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Get the party restarted: Safety tips for unvaccinated children’s birthday parties
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Get the party restarted: Safety tips for unvaccinated children’s birthday parties

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New York City families with unvaccinated kids are taking a cautious look at the state's new guidelines on mask wearing.

We are all ready for a return to familiar family traditions like backyard cookouts and birthday parties. Anyone 12 and older can now receive COVID-19 vaccines in the United States, making small gatherings of fully vaccinated people safe.

Children and teens have had an especially tough time dealing with all the changes needed to help prevent the spread of COVID-19. We can help them ease back into dearly missed events, like birthday parties, by taking extra precautions, even including kids too young to get the vaccine yet.


Here are eight steps to take for extra safety when planning your unvaccinated child’s birthday party.

1. Keep gatherings to 10 kids and choose outdoor venues whenever possible. (Think a fun and festive picnic!) The virus spreads through the air; being outside lessens the risk of transmission.

2. If there is a need to go inside, open windows to increase air circulation. Choose a space large enough that children can keep a safe physical distance of at least 3 feet from each other.

3. Involve your child in planning to identify what is most important to them during the celebration. This can help narrow down the party itinerary. Then, tweak the activities with safety in mind.

4. Offer single-serve beverages rather than pouring from shared containers. Pre-filled water bottles decorated with guests’ names can be a great take-home party favor.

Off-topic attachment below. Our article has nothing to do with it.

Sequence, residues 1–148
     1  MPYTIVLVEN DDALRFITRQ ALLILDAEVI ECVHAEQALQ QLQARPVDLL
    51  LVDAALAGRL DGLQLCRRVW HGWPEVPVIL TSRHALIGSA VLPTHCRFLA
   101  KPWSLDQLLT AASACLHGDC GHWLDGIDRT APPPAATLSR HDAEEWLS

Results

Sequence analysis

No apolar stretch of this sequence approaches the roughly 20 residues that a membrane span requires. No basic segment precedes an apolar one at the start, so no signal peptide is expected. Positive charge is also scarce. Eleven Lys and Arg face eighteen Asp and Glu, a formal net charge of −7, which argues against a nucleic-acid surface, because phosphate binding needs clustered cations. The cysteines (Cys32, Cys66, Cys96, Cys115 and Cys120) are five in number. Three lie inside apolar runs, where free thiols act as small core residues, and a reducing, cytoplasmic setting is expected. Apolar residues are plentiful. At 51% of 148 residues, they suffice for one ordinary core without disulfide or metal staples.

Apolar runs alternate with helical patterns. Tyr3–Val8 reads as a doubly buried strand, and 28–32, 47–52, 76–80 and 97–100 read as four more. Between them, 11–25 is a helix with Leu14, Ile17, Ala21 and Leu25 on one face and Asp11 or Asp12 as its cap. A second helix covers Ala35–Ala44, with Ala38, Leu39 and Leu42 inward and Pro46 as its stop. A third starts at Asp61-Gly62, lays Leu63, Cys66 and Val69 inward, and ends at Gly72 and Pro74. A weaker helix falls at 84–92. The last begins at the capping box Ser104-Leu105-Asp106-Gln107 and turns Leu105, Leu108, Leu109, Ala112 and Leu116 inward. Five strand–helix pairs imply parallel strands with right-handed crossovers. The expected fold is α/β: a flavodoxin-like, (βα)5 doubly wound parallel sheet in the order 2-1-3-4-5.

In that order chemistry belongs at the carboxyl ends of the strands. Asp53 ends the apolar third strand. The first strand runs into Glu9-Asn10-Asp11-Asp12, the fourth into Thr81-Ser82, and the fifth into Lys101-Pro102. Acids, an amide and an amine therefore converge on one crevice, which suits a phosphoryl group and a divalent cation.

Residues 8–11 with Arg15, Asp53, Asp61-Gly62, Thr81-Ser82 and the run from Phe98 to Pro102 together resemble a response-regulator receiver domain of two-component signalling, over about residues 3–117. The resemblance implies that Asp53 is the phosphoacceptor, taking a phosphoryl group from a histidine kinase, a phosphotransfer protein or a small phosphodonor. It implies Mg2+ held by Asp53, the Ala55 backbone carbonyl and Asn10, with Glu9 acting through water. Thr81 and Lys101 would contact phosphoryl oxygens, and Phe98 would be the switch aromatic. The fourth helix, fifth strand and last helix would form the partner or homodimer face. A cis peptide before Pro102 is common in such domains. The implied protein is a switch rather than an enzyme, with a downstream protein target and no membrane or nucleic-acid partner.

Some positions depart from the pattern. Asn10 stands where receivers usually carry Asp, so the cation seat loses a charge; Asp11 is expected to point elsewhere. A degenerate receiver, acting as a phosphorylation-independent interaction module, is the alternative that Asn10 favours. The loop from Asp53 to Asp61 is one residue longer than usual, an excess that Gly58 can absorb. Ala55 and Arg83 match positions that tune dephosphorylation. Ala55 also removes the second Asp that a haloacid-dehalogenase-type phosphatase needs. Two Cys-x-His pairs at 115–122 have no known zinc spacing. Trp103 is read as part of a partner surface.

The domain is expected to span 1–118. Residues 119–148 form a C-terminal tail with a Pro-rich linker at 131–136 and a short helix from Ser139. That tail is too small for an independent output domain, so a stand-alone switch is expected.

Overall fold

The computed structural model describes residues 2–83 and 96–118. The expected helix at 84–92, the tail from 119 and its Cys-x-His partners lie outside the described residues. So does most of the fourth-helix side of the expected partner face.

5. Rather than a single, large cake with candles, consider individual cupcakes, with a candle on only the birthday child’s treat. When it’s time to sing “Happy Birthday,” blow out candles and eat — activities that can spread more germs in the air — try to allow some extra room. If you do have a large cake, skip the candles and have a single person slice it and hand out pieces.

6. Choose games and activities that don’t involve close physical contact. Individual crafts and classic games like charades, Simon Says, Freeze Frame, and Spud (using a soft foam ball) can be good choices. Brainstorm together for other ideas, such as a nature scavenger hunt or a “drive-in” movie, where each child gets a box they can decorate and “park” a safe distance apart.

7. Make sure everyone at the party follows basic safety steps, like hand washing, physical distancing and wearing face masks, especially in crowded indoor or outdoor spaces.

8. Remember that if you or your child are coughing or have cold-like symptoms, or have had a fever, vomiting or diarrhea in the past 24 hours, you should not host a birthday party. Be sure to let other parents know that their child should not attend the party if they are unwell. Arrange to drop off a party goody bag so that child doesn’t feel left out.



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